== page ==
Affordable Housing, Community Development

Workshop on TOD Draws on Experiences from Neighboring States


How can Connecticut create transit-, pedestrian- and business-friendly neighborhoods (a.k.a transit villages)? Connecticut Main Street Center hosted a workshop on June 27th to try and answer this very question. The event, sponsored by the Connecticut Department of Transportation (DOT), was attended by state and municipal officials as well as local planners, advocacy groups, and members of private institutions.

Connecticut DOT Commissioner James Redeker gave welcoming remarks as well as offered stories from his prior experience working in NJ Transit and how that experience is helping him to shape Connecticut policy.

The event featured Eric Halvorsen, a Project Manager at the Metropolitan Area Planning Council in Massachusetts, and Vivian Baker, the assistant director of Transit Friendly Land Use & Development in NJ Transit.

Halvorsen offered advice from his experience building transit villages throughout Massachusett’s varied and diverse neighborhoods. He touched on the steps Massachusetts is taking to make the process to fund transit- oriented development (TOD) less onerous, such as the LISC Equitable TOD Accelerator Fund and the CLF Ventures Healthy Neighborhoods Equity Fund. Additionally he presented interesting statistics, such as the fact that while transit in Massachusetts takes up only 5% of the state’s total land area, 37% of the state’s employment opportunities are located near that transit.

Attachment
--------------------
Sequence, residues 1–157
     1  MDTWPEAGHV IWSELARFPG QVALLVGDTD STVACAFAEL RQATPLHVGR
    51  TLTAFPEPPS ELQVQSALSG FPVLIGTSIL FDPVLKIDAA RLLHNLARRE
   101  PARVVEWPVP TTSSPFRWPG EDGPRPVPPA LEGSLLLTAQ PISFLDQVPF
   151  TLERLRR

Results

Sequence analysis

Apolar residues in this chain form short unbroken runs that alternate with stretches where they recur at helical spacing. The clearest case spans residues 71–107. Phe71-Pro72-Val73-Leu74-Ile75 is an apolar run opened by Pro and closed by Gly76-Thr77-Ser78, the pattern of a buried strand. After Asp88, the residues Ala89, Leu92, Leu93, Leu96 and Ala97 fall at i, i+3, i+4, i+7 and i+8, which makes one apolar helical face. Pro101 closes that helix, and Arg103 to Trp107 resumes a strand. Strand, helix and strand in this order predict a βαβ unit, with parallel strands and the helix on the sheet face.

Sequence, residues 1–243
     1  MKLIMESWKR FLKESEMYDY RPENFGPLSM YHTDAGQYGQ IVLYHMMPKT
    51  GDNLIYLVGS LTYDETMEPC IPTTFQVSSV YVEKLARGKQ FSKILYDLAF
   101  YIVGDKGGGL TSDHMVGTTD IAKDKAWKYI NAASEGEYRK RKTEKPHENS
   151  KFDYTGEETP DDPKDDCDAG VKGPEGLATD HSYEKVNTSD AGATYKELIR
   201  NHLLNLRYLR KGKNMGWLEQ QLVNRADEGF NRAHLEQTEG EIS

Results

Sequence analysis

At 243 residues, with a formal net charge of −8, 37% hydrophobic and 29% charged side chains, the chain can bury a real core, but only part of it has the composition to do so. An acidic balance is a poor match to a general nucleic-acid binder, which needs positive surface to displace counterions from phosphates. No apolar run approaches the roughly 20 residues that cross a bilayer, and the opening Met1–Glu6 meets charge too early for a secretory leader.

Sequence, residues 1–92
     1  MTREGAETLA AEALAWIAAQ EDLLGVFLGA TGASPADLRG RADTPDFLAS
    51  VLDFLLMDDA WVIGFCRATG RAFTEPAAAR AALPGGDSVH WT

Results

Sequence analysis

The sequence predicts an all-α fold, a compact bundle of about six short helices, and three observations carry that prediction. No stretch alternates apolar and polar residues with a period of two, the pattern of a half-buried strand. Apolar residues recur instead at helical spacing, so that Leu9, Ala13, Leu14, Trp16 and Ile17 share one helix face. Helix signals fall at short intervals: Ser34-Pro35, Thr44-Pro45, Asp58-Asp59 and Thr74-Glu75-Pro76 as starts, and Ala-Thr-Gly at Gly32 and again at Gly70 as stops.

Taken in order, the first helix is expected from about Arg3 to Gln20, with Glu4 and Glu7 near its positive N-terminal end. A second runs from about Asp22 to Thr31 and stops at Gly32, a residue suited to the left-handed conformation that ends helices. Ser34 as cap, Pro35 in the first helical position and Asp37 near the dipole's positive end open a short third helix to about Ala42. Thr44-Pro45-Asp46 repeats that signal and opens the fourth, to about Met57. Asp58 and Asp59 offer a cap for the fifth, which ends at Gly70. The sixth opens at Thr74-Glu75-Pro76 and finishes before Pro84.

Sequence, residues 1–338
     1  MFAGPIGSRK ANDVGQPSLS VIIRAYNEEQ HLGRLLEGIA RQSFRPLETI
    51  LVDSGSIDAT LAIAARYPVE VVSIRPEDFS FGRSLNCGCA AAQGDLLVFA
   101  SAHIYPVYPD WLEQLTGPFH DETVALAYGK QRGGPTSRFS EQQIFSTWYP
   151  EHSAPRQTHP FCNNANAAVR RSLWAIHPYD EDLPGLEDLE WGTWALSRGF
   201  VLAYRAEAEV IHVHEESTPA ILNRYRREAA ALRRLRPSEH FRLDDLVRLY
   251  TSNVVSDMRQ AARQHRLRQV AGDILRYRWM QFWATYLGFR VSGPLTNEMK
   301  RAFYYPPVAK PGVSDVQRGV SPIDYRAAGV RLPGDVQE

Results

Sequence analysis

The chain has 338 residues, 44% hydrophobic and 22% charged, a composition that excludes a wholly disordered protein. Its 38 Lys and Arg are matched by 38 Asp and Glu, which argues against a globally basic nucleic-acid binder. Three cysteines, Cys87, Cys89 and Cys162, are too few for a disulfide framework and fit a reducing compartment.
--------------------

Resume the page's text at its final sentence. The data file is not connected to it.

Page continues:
Vivian Baker described New Jersey’s efforts to facilitate the creation of the state’s 26 designated transit villages.  New Jersey was once a place with disinvestment in its transit but in the 1990’s the state began to reinvest; according to Baker, that was when New Jersey saw value in investing in TOD. Baker explained that to be designated as a Transit Village, towns have to meet a number of criteria, one of which is a promise of affordability in 20% of new housing units built in the village.

The event wrapped up with interactive discussion groups that focused on answering the question of who in Connecticut should be taking the steps necessary to achieve what Massachusetts and New Jersey have done in regards to supporting and facilitating TOD. 


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